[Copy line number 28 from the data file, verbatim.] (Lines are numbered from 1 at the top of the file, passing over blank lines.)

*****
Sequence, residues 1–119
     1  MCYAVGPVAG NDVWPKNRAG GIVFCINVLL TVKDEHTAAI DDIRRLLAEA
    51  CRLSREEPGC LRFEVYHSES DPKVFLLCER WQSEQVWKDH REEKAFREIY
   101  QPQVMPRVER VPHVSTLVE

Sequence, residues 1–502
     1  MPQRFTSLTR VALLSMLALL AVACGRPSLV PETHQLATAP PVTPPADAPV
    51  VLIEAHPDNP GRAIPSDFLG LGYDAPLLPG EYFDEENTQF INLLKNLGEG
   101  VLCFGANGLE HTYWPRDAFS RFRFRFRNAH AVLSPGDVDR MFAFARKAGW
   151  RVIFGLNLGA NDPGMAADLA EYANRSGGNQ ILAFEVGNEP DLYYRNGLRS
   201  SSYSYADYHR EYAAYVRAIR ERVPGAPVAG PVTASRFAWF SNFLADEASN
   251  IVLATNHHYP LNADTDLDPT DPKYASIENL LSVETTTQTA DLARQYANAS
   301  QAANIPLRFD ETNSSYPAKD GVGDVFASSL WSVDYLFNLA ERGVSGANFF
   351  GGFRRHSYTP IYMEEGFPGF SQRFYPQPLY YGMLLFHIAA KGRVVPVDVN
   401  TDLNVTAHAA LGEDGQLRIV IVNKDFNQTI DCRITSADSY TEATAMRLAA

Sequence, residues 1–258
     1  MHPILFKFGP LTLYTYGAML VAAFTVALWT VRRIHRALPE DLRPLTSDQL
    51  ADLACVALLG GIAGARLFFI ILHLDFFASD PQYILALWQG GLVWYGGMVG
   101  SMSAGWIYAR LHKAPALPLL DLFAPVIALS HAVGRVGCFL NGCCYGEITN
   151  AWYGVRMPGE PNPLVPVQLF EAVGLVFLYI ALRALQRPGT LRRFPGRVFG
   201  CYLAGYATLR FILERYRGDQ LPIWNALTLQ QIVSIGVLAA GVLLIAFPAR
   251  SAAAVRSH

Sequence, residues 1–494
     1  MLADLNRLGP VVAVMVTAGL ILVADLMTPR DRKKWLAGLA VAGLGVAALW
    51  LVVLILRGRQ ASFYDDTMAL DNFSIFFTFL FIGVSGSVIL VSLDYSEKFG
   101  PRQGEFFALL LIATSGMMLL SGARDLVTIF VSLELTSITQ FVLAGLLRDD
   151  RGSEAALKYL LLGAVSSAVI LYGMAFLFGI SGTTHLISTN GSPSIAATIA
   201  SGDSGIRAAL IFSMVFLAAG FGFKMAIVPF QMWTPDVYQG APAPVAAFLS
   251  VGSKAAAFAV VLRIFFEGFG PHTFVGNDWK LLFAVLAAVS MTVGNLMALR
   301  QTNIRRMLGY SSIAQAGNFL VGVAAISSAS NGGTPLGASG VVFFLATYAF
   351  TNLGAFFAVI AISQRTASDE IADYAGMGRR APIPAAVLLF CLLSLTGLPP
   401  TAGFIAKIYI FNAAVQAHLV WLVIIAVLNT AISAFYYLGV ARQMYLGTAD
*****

   251  VGSKAAAFAV VLRIFFEGFG PHTFVGNDWK LLFAVLAAVS MTVGNLMALR